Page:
(1) In any action under this subchapter (other than an action described in paragraph (2)) by a participant, beneficiary, or fiduciary, the court in its discretion may allow a reasonable attorney's fee and costs of action to either party.
(2) In any action under this subchapter by a fiduciary for or on behalf of a plan to enforce section 1145 of this title in which a judgment in favor of the plan is awarded, the court shall award the plan--
* * *(D) reasonable attorney's fees and costs of the action, to be paid by the defendant,
* * *
29 U.S.C. Sec. 1132(g).
Subsections (g)(1) and (g)(2) indicate that the court in all situations save one has discretion to make fee awards to either party, but that fees must be awarded to the plan if a fiduciary prevails in an action to recover delinquent contributions. See Sapper v. Lenco Blade, Inc., 704 F.2d 1069, 1072-73 (9th Cir.1983). Carpenters Southern's argument that the only authorization to award fees in suits pursuant to section 515 is subsection (g)(2) rests on the fact that both were enacted by the 1980 amendments to ERISA. This argument, however, must overcome the fact that (g)(2) was made a part of section 502, of which (g)(1) also is a part. Moreover, it must read the parenthetical clause of (g)(1) as if it read "(other than an action described in paragraph (2) without regard to who prevails therein )." Nothing in the legislative history cited by Carpenters Southern supports such a departure from the actual statutory language.8 Thus the district court correctly held that attorney's fees may be awarded to employers that successfully defend actions brought under 29 U.S.C. Sec. 1145. See Sapper, 704 F.2d at 1073.
Because subsection (g)(1) commits the allowance of fees to the discretion of the district court, an award of fees will be reversed only for abuse of discretion. E.g., Sapper, 704 F.2d at 1073. However, the exercise of this discretion should be within reasonable guidelines. We have indicated previously that the district court should consider, among others, these factors:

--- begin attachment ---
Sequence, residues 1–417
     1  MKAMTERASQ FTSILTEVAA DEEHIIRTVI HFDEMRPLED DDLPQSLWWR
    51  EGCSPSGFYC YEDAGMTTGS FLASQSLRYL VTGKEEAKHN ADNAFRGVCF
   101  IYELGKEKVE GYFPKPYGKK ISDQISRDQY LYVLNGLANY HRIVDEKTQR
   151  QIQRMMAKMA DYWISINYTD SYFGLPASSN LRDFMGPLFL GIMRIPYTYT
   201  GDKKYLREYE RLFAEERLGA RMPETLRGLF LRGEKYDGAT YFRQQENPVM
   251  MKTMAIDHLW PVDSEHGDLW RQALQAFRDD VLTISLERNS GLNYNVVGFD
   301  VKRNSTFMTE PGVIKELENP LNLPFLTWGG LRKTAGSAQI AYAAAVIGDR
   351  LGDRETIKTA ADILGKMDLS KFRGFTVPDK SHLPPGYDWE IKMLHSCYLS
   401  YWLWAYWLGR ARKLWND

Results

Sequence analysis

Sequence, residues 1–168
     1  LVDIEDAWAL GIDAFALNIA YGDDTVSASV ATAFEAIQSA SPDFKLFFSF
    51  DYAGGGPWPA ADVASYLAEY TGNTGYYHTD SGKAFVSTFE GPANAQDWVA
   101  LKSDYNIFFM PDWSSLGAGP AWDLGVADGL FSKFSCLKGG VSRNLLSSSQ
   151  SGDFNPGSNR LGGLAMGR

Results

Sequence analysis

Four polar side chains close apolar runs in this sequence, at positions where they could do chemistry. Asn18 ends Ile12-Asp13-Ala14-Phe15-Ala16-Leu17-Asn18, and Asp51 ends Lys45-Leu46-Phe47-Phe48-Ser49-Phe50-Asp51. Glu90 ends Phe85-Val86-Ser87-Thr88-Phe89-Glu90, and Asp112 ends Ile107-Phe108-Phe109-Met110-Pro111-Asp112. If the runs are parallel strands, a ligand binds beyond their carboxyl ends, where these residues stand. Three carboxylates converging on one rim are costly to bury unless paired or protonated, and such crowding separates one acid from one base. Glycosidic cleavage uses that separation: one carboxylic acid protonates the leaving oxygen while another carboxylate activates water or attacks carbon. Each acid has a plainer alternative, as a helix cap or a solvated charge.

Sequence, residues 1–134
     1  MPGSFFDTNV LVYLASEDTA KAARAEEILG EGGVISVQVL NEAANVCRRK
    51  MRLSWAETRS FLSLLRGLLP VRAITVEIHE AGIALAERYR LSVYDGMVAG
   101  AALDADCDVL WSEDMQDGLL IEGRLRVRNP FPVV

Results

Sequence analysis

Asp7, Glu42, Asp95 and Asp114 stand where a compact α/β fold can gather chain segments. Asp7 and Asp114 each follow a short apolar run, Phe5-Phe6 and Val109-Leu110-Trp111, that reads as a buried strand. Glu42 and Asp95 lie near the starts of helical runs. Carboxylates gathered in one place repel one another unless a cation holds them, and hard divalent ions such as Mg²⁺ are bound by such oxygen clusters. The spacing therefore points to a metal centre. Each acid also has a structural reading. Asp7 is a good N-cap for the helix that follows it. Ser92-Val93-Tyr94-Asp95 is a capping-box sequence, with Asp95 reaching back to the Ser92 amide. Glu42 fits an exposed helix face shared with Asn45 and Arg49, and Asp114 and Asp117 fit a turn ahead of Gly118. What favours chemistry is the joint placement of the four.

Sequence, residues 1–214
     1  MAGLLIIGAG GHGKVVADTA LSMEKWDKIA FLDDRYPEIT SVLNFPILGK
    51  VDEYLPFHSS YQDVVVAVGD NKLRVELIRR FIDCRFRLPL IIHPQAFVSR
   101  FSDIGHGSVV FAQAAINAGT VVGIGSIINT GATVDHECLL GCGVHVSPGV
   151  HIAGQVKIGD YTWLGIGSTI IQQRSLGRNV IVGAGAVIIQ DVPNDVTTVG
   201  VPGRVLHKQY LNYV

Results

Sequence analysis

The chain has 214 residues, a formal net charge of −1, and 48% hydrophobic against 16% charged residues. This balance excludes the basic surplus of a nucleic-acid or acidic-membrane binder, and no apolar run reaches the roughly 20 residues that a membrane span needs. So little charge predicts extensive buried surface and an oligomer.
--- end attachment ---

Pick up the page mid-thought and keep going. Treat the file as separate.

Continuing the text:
(1) the degree of the opposing parties' culpability or bad faith; (2) the ability of the opposing parties to satisfy an award of fees; (3) whether an award of fees against the opposing parties would deter others from acting in similar circumstances; (4) whether the parties requesting fees sought to benefit all participants and beneficiaries of an ERISA plan or to resolve a significant legal question regarding ERISA; and (5) the relative merits of the parties' positions.
Carpenters Southern argues that the criteria for awarding fees should not be the same for defendants and plaintiffs. First, Carpenters Southern maintains that fees should be awarded to defendant employers under section 1132(g)(1) only if there is a finding of bad faith on the part of the plaintiff.10 This argument impermissibly replaces the statutory provision that vests the court with discretion with a rule that permits discretion to be exercised if, and only if, the suit was brought in bad faith. Cf. International Union of Petroleum and Industrial Workers v. Western Industrial Maintenance, Inc., 707 F.2d 425, 428 (9th Cir.1983) (applying common law rule that fees may be awarded for suits brought in bad faith). Alternatively, Carpenters Southern suggests that this court adopt the standards set forth in Christiansburg Garment Company v. EEOC, 434 U.S. 412, 421, 98 S.Ct. 694, 700, 54 L.Ed.2d 648 (1978), and allow fees to defendant employers only where the action was "frivolous, unreasonable, or without foundation." Christiansburg concerned the award of attorney's fees in actions brought under Title VII of the Civil Rights Act. We decline to adopt the Christiansburg standard. It, too, impermissibly narrows the scope of the statute with which we are concerned. See Iron Workers Local No. 272 v. Bowen, 624 F.2d 1255, 1264-66 & n. 24 (5th Cir.1980).
We conclude that the criteria described in Hummell should guide a court in determining whether to award fees to either plaintiffs or defendants under section 1132(g)(1). Such factors clearly permit consideration of the circumstances that Carpenters Southern argues should be controlling. No one of the Hummell factors, however, is necessarily decisive, and some may not be pertinent in a given case. Iron Workers, 624 F.2d at 1266.